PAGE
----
The second and final step in gifting to the kids is a little more complicated. Your discount must be supported by an expert appraiser sometimes many years later in US Tax Court after you are long gone. While Pierre allowed for a 30% discount, other cases have not always been so generous to the taxpayers. For example, in Lappo vs IRS 2003 Lappogifted to children though a family partnership in 1996. In 2001 the IRS audited the 2006 gift tax return increasing the gift from $1,040,000 to $3,137,287, Larro appealed to US Tax Court. Larro’s expert concluded a 35% discount was appropriate. The Government’s expert concluded an 8% discount was appropriate. Judge Thornton’s rather short but very well thought out 27 page Opinion compacted with facts and details only appraisers could appreciate, concludes after an exhaustive examination of expert witnesses for both sides that a 24% discount was appropriate. Just in case you didn’t notice the average between 35% and 8% is 25.5%, and not too bad for Lappo. Unfortunately Tax Court judges do not usually average the discount valuations from the IRS and the Taxpayer and split the difference as clearly evidenced in our next case of True vs IRS.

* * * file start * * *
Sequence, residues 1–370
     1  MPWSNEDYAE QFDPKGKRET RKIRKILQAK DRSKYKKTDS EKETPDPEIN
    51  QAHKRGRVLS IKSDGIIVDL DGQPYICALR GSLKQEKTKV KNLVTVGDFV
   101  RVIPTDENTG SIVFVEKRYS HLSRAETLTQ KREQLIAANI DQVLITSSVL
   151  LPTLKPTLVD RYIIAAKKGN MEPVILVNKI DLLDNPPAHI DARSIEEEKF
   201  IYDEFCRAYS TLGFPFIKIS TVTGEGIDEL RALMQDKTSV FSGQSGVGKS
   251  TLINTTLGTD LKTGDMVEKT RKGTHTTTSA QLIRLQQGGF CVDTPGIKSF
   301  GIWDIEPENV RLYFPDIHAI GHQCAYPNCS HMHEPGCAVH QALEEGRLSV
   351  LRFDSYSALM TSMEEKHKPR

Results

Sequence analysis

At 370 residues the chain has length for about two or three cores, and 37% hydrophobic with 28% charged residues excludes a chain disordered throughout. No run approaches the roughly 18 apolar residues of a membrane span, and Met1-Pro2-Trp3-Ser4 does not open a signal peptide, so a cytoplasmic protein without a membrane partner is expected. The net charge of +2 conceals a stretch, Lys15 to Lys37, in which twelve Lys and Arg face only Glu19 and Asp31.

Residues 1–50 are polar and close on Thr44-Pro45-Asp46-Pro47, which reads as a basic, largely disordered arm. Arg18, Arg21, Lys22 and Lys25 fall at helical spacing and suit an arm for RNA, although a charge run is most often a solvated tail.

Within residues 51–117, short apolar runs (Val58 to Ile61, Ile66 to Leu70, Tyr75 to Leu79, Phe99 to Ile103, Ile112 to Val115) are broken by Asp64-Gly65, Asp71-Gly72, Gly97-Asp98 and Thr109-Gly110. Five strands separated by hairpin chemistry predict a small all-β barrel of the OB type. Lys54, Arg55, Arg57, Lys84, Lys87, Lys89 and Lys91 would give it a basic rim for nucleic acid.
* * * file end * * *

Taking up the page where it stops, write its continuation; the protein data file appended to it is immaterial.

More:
The True family of Casper, Wyoming didn’t fare so well in US Tax Court case of True vs IRS in 2001. The True clan made their money in Oil and Gas Exploration and Drilling. True believed in the family partnerships and the strength of a unified family in business and America. Dave True gave each of his children general partnership interests in various family business interests. True created numerous operating agreements severely restricted the marketability and control of the family members through the use of buy sell agreements requiring family members to participate in the business or be bought out at predetermined appraised market values forming the basis of the gift tax returns filed in 1993 and 1994 using 30% discounts.